Supply Chain by the Numbers

- July 27, 2017 -

  Supply Chain by the Numbers for Week of July 27, 2017

Amazon on Massive Hiring Spree; the UK to Ban Gas-Powered Cars; Walmart has Plan for Reshoring US Manufacturing; New Foxconn Factory to Bring Thousands of US Jobs



That's amazingly how many jobs Amazon said it was trying to fill this week, the vast majority for positions at its fulfillment centers. In fact, Amazon says it's planning to make thousands of offers on the spot on Aug. 2, when it opens the doors to potential hires at 10 FCs. There will be more than 10,000 part-time jobs available at sorting centers, and some supporting and managerial positions. All that with great pressure relative finding and keeping distribution labor in many if not most US markets, and now here comes Amazon hoping to pluck 50,000 workers from the existing pool. This just continues the trend: at the end of the first quarter, Amazon had 351,000 employees, a 43% jump from the previous year. By the way, those who work more than 20 hours per week are eligible for benefits that are the same as those of Amazon's corporate employees and include health insurance, retirement savings and paid leave. All this as the nation's unemployment rate is 4.4%, near a 16-year low. Also by the way, on Wednesday, Amazon's stock price closed up 1.2% to $1,052.80 per share, bringing Amazon's market capitalization to $503.2 billion, the first time it has surpassed the half-trillion mark, and about four times its annual revenue.



That's how many gas or diesel powered cars and vans will be allowed to be sold in the UK after 2040, under new rules announced by the government this week. Britain's plans match a similar pledge made this month by France, and are part of a growing global push to curb emissions and fight climate change by promoting electric cars. In the UK's case, the key factor seems to be overall pollution, which is said to be causing a variety of health issues, more so than CO2 emissions and global warming, but that may just be positioning to the public for support of the change. It turns out that Norway intends to sell only electric cars from 2025, and India wants to do so by 2030. And a few weeks ago, Volvo announced that in its 2019 model year, all its cars will either by all electric or hybrids. Are we perhaps closer than many thing to the end of the fossil fuel era? Maybe, but a lot could happen by 2040 either way. In all these proposals thus far, it appears gas-based cars acquired before the deadlines could still be operated, just no new ones sold.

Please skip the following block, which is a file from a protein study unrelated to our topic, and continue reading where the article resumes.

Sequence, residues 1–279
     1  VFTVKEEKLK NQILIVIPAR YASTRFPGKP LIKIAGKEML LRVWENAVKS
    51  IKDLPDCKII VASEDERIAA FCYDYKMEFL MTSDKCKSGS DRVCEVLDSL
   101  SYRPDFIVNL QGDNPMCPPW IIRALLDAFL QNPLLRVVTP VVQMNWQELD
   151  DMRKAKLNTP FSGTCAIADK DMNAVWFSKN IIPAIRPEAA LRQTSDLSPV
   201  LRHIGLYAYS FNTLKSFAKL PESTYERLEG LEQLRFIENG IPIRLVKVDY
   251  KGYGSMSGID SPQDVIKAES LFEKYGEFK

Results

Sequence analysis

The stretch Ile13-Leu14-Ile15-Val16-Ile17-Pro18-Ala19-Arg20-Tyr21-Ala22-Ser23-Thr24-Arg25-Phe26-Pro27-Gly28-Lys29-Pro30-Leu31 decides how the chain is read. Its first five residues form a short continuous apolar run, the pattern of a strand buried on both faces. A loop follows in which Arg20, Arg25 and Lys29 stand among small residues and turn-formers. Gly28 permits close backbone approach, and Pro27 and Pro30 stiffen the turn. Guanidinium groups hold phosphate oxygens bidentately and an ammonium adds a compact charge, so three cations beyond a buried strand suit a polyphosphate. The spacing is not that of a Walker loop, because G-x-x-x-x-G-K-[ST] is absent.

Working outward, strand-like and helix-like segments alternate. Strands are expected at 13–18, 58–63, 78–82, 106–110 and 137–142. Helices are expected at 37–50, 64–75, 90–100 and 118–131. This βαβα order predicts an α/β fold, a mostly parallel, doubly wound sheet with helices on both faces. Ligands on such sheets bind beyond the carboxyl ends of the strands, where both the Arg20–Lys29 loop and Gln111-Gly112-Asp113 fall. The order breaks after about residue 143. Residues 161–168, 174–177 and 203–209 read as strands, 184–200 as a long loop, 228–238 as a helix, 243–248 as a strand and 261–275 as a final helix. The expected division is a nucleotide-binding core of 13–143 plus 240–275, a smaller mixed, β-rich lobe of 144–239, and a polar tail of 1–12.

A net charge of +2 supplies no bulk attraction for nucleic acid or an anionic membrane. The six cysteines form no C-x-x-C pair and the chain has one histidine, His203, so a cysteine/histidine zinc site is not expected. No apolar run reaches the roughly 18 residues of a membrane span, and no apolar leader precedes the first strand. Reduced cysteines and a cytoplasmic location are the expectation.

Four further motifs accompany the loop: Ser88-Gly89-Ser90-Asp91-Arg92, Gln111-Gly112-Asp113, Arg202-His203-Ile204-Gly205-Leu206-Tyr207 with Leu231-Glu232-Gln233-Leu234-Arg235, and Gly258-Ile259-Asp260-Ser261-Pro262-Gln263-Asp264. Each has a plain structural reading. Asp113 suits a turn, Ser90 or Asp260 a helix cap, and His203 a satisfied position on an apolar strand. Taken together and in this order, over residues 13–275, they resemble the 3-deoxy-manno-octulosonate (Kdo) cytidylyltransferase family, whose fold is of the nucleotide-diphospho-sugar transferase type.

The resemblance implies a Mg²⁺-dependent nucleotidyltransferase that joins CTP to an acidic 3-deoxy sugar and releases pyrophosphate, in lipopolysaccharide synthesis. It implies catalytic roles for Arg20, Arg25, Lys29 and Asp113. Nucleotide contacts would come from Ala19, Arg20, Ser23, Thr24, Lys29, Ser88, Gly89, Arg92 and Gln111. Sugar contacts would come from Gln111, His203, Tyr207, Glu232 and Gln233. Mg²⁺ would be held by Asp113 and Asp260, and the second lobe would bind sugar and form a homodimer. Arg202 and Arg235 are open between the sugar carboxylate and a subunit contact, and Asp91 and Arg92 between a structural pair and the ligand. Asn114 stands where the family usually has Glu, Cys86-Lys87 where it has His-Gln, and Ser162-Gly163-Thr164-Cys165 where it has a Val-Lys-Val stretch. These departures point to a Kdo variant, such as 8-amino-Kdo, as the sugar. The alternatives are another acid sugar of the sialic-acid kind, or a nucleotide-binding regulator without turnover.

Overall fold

That's ultimately how many new jobs could be directly created from a planned new flat panel display factory from contract manufacturing giant Foxconn – which also owns electronics manufacturer Sharp – officially announced this week for somewhere in Southern Wisconsin. The plans for the factory have been rumored for months, as Foxconn was said to be negotiating with some six different states, mostly in the Midwest. There will initially be 3000 jobs at the plant, but that could grow to a massive 13,000 over time, the company says, with a resulting 22,000 indirect and induced jobs and 10,000 construction jobs created by the new plant, which is said to involve a $10 billion investment in what will be Foxconn's first US factory. It will produce flat screens used for televisions, automobiles, health-care and other electronic devices. While the precise location has not been finalized, it will be somewhere in the areas south of Milwaukee and north of the border with Illinois. Some local observers have said the new factory will put pressure on the local labor market to support that many jobs.


$300 Billion

That's the amount of US consumer goods imports annually – out of some $650 billion overall – that Walmart says might be moved to domestic production if a roster of public policy measures were adopted. Walmart this week said barriers to US manufacturing growth include a lack of available and qualified workers, lack of co-ordination and financing to support US manufacturers, complex regulations that create high compliance costs and legal risks, and a complex and too high US tax system, and and unfaor trade deals. The world's largest retailer, which committed to sourcing $250 billion worth of U.S.-made goods in 2013, said it identified those challenges as it worked with suppliers on that program over the last four years. It's policy proposals included building vocational training programs, reducing costs for private industry to train workers, rebranding U.S manufacturing to attract workers and drive demand for domestic products, encouraging component production to close supply chain gaps, and promoting manufacturing clusters through public-private cooperation. We'll note many of these ideas are similar to recommendations from the National Association of Manufacturers (NAM). Can this work? Who knows, but hats off to Walmart for the effort.